Anna: Yeah, I thought just being on the Today Show, or Good Morning America, or in these, these publications was enough. I mean, it's almost like what you were talking about before, like the people who just, like led with their ego. I mean, it really, it's like, I thought I should be paid for just being special. Like, when I look back. That's really what I thought.

Jay: We work with so many speakers and the amount of speakers they think their message should be, they should be paid $10,000 plus.

Anna: Yeah.

Jay: You know, and I know you feel that way. Get in line. Because you and a million other people have the same story.

Anna: Yeah.

Jay: Right? And they're not buying it like that. They're not buying a story, they’re buying on the outcome of what happens to the audience.

Anna: Yeah. Yeah. So that's why I'm always pushing people and they'll say, well, I just want to write a book and I'm like, that's awesome. They say I just want to help people and I'm like, do you realize that in addition to helping a whole bunch of people you may never know you helped, because they you never may meet them. you can also help yourself. And, and people can hire you to do what it is you're describing in this book. And I pushed people because I had to be pushed into it. I didn't get it either.

Jay: Oh, I had, I learned that the worst way. I learned like the worst of the worst, you know, struggling, questioning yourself, doubting yourself. Like, you know, nothing crazy. No crazy thoughts, but enough to like, really go this isn't meant for me. I had a good run, like, yeah. And all it takes is one shift, like one shift for you to go, oh, I was led to believe something completely wrong. And you know, I know so many people still haven't been told this enough or want to accept it.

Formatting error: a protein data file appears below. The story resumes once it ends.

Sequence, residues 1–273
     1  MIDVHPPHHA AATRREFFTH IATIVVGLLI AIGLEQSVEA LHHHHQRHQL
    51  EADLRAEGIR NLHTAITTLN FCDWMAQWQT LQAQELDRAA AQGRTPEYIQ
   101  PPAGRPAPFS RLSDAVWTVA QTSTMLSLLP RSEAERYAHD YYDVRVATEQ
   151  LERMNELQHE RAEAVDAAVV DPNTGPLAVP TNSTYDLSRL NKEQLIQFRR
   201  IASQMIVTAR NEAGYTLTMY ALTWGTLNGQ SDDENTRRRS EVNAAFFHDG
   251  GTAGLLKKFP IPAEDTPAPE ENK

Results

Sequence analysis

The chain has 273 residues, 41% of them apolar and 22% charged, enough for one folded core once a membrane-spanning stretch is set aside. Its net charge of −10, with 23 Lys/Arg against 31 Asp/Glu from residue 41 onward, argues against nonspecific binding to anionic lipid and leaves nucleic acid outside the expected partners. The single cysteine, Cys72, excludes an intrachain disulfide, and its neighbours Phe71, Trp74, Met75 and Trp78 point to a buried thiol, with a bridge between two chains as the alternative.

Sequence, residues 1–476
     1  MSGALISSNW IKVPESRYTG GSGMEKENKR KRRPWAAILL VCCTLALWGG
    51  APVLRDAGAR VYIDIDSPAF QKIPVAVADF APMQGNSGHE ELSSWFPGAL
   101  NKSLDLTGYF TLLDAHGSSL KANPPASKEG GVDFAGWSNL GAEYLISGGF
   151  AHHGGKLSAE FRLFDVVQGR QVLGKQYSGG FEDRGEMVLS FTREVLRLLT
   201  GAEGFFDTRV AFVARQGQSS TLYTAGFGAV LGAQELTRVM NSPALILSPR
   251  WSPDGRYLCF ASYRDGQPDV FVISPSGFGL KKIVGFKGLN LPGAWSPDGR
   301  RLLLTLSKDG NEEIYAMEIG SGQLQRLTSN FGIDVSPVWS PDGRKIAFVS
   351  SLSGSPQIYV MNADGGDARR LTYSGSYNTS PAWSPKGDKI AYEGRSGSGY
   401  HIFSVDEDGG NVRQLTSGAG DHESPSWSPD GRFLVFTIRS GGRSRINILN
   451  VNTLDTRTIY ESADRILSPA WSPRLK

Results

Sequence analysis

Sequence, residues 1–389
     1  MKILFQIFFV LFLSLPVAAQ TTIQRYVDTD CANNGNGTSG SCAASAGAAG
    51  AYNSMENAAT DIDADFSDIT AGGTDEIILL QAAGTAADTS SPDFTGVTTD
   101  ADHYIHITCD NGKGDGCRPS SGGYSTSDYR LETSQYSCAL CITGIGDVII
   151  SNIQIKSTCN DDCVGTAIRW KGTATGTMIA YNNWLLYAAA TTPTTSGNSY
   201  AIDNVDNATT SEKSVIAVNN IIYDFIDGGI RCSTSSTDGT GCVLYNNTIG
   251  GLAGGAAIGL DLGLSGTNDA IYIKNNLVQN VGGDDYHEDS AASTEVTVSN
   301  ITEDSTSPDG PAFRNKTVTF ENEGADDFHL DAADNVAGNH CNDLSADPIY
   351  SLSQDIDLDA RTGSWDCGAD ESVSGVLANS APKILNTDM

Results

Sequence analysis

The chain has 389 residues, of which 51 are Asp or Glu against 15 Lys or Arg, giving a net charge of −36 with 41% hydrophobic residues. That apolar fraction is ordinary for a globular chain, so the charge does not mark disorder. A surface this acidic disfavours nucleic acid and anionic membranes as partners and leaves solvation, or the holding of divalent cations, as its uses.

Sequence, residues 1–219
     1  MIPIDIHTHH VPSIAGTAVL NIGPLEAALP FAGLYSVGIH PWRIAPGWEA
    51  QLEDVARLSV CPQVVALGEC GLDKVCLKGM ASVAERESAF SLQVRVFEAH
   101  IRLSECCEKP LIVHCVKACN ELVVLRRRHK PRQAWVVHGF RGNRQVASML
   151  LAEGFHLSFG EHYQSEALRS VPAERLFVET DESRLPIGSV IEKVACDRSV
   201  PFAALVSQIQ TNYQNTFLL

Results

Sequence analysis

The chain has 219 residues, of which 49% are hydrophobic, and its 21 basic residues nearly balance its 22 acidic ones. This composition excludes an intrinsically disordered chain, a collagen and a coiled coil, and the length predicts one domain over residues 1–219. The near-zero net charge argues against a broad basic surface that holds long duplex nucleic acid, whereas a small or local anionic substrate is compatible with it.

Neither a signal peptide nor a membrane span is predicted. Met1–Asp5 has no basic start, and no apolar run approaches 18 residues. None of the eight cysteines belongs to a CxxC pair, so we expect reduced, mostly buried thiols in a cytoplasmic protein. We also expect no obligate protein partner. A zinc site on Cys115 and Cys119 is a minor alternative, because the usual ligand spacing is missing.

Anna: Yeah. Yeah.

Jay: Many of the people that I meet that just never transition to digital properly. Like, you know, you know, when you see this stuff online, it's like, you're still trying to hold on to like the old you like, get, you need, you need to fight with this, like, you have to. Like you're losing out to someone who's not as good, not as talented, who understands how to work this baby. Yeah, they're getting seen. And you're still struggling, you know.

Anna: Well, this has been fabulous. If people want to find out more about you, where should they go?

Jay: Yeah. Ace of Spades agency, just because I was a magician, right? So aceofspacesagency.com. And look, even if you're listening to this right now, and you're like, hey, Jay, I just want to get started on something small. I know, I need to get out there. I know, I need to maybe position myself, get more authority, get more credibility, like we can help you at a very small investment, right? Or if you're like, hey, Jay, money's not a huge concern for me, but I want to plan and I'm tired of all this. I've been sold lies, I've been sold over promise, hey, we can give you very strong deliverables. And I'll tell you the truth. And at least you know that, and I know that we'll hit those deliverables, and what happens from there is how you want to, what is they call it dance with the, I call it dance with the devil. How you want to boogie, boogie, boogie with, boogie with the angel.

Anna: Love it. Well, thank you, Jay. So much. And thanks, you guys for listening.

Jay: Absolutely.